Five UAE diplomats martyred in Afghan blast
Photos courtesy: Abdullah Alshemeili, Emirati government retiree
Kandahar - All ministries, government departments and institutions across the country will fly the flag at half-mast for three days in honour of the martyrs.
The President, His Highness Shaikh Khalifa bin Zayed Al Nahyan has mourned, with deep sorrow and grief, the death of a number of UAE's sons who died Tuesday evening as a result of the terrorist bombing which took place at the headquarters of the Governor of Kandahar in Afghanistan.
The UAE martyrs have been named as Mohammed Ali Zainal Al Bastaki, Abdullah Mohammed Essa Obaid Al Kaabi, Ahmed Rashid Salim Ali Al Mazroui, Ahmed Abdul Rahman Ahmad Al Tunaiji, and Abdul Hamid Sultan Abdullah Ibrahim Al Hammadi, who had been on a mission to carry out humanitarian, educational and development projects in the Republic of Afghanistan.
Shaikh Khalifa prayed to Allah Almighty to bestow mercy and forgiveness upon them.
In a statement from the Ministry of Presidential Affairs earlier today, Shaikh Khalifa directed all ministries and government departments and institutions across the country to fly the flag at half-mast for three days in honour of the martyrs who gave their lives in defence of humanitarian causes.
The UAE Ministry of Foreign Affairs and International Co-operation, in a statement on Tuesday, said the UAE diplomats were in a visit to Kandahar on humanitarian mission within the programme of the UAE to support the brotherly Afghan people, lay the foundation stone for Dar Khalifa bin Zayed Al Nahyan.
"Juma Mohammed Abdullah Al Kaabi, the UAE Ambassador to the Islamic Republic of Afghanistan, also injured in the terrorist attack, was signing an agreement with Kardan University to offer scholarships at the expense of the UAE."
The Ministry added that the UAE envoy's visit also included a plan to lay the foundation stone for the Khalifa bin Zayed Al Nahyan Institute for technical education in the capital city of Kabul, to be funded by Khalifa bin Zayed Al Nahyan Foundation.
His Highness Shaikh Mohammed bin Rashid Al Maktoum, Vice-President and Prime Minister of the UAE and Ruler of Dubai mourned, with deep sorrow and grief, the death of the UAE martyrs who were involved in humanitarian work in Afghanistan.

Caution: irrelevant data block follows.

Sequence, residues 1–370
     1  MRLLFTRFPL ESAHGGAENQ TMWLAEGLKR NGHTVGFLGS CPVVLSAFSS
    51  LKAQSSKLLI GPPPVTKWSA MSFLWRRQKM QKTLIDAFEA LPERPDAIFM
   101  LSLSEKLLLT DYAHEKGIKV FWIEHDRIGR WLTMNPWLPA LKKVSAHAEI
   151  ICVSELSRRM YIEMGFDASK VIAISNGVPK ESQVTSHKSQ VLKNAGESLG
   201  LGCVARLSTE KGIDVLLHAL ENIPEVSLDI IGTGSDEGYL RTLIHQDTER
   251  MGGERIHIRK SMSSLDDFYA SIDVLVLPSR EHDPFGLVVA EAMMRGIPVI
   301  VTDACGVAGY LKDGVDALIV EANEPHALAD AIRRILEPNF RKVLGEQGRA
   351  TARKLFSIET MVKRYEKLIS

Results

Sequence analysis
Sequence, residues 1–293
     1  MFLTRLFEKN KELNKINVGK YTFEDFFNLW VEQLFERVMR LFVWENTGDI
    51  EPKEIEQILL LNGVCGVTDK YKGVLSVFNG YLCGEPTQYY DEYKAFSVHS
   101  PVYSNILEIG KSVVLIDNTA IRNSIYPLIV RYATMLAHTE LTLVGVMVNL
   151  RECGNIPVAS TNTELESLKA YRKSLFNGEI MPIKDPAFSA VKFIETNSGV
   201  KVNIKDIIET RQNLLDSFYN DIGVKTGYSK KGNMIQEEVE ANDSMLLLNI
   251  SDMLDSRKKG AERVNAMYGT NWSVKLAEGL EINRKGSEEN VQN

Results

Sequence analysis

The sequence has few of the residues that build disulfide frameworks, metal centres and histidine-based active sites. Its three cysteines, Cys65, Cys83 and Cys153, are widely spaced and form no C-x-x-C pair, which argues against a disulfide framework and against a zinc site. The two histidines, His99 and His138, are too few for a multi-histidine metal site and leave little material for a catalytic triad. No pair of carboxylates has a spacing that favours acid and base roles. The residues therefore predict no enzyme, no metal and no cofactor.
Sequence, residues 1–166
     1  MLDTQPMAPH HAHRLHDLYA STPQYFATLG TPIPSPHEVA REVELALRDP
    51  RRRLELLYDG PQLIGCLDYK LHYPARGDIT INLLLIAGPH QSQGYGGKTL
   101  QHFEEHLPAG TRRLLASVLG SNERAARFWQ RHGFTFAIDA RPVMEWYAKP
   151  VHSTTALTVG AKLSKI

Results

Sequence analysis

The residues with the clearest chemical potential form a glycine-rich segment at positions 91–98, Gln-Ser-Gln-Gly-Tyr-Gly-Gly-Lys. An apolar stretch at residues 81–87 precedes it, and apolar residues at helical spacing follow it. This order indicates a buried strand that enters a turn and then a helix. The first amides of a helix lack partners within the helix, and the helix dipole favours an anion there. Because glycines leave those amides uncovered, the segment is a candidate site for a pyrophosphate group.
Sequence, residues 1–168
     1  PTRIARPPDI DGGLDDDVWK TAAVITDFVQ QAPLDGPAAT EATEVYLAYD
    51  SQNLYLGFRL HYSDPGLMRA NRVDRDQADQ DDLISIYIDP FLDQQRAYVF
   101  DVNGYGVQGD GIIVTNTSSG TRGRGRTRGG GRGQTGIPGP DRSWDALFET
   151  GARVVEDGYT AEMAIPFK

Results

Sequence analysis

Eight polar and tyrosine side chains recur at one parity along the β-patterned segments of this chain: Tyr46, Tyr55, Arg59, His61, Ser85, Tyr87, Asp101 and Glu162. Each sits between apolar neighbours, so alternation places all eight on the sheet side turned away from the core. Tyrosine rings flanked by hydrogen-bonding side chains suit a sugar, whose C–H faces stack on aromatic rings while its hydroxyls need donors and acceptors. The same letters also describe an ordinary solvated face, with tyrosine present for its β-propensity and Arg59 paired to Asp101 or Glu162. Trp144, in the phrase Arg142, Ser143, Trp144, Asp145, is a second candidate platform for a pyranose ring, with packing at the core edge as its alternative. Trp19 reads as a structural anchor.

His Highness said, in a series of tweets on his official Twitter account: "Today, we mourn, with pride, the UAE martyrs of humanitarian work in the Republic of Afghanistan; five martyrs who ended their while serve the weak, children, and the needy.
The UAE people are proud of their children who are involved in humanitarian work. Today, they stand up tall for sacrificing martyrs for humanity which terrorists know nothing about.
There is not a single human, moral or religious justification for bombing or killing those whoever trying to help people. May Almighty Allah have mercy on our martyrs and accept them among the righteous."
Abdul Hamid Sultan Abdullah Ibrahim Al Hammadi
Abdullah Mohammed Essa Obaid Al Kaabi
Mohammed Ali Zainal Al Bastaki
(Left) Ahmed Abdul Rahman Ahmad Al Tunaiji; (Right) Ahmed Rashid Salim Ali Al Mazroui
Meanwhile, the Taliban denied responsibility and blamed, in a short statement, an 'internal local rivalry' for the attack which targeted a guesthouse of provincial Gov. Homayun Azizi, who was also wounded in the assault.
Eleven people were killed and 18 others were wounded, including the UAE Ambassador Juma Mohammed Abdullah Al Kaabi, according to General Abdul Razeq, Kandahar's police chief.
Razeq said investigators believe someone hid the bomb inside a sofa at the guesthouse. He said an ongoing construction project at the guesthouse may have allowed militants to plant the bomb.
"Right now we cannot say anything that who is behind this attack," he told The Associated Press, while adding that several suspects had been arrested. The attack inside the heavily guarded compound represents a major breach of security, even in Afghanistan, a country long torn by war. Afghan President Ashraf Ghani on Wednesday condemned the attack and ordered a probe into the incident.
Multiple daily commercial flights link the countries, with Dubai serving as an important commercial hub for Afghan businessmen. Over the years, Taliban and Afghan officials also have met in Dubai to try to start peace talks.
Emirati diplomats have come under attack in the past, felled by assassins' bullets. Saif Ghubash, the UAE's first minister of state for foreign affairs, died after being shot in an October 1977 attack at Abu Dhabi International Airport, an attack that apparently targeted Syrian Foreign Minister Abdul-Halim Khaddam. Khaddam later blamed the attack on Iraq.
In 1984, the UAE's ambassador to France was assassinated by a gunman who shot him in the head outside his Paris home. A diplomatic club was named in honor of the slain envoy, Khalifa Al Mubarak, in the Emirati capital Abu Dhabi in 2015.
Another Emirati diplomat was wounded in a shooting in Rome in 1984. Reports at the time linked those two attacks to the Arab Revolutionary Brigades, a Palestinian militant group.